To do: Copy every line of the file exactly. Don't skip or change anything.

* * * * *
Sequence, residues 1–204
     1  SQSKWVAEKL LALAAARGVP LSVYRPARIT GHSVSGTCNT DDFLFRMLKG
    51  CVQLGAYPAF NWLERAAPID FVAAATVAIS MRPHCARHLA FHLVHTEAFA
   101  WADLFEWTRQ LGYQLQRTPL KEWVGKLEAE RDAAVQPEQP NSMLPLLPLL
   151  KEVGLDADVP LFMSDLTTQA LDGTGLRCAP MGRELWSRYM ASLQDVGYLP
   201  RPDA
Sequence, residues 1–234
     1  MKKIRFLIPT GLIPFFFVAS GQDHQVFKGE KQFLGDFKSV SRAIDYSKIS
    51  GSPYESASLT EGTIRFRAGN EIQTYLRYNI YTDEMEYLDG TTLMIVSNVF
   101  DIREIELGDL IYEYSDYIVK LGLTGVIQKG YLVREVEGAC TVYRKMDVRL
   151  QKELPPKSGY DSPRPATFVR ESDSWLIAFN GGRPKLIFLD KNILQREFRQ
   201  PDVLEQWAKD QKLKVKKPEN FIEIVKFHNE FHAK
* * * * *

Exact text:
Sequence, residues 1–204
     1  SQSKWVAEKL LALAAARGVP LSVYRPARIT GHSVSGTCNT DDFLFRMLKG
    51  CVQLGAYPAF NWLERAAPID FVAAATVAIS MRPHCARHLA FHLVHTEAFA
   101  WADLFEWTRQ LGYQLQRTPL KEWVGKLEAE RDAAVQPEQP NSMLPLLPLL
   151  KEVGLDADVP LFMSDLTTQA LDGTGLRCAP MGRELWSRYM ASLQDVGYLP
   201  RPDA
Sequence, residues 1–234
     1  MKKIRFLIPT GLIPFFFVAS GQDHQVFKGE KQFLGDFKSV SRAIDYSKIS
    51  GSPYESASLT EGTIRFRAGN EIQTYLRYNI YTDEMEYLDG TTLMIVSNVF
   101  DIREIELGDL IYEYSDYIVK LGLTGVIQKG YLVREVEGAC TVYRKMDVRL
   151  QKELPPKSGY DSPRPATFVR ESDSWLIAFN GGRPKLIFLD KNILQREFRQ
   201  PDVLEQWAKD QKLKVKKPEN FIEIVKFHNE FHAK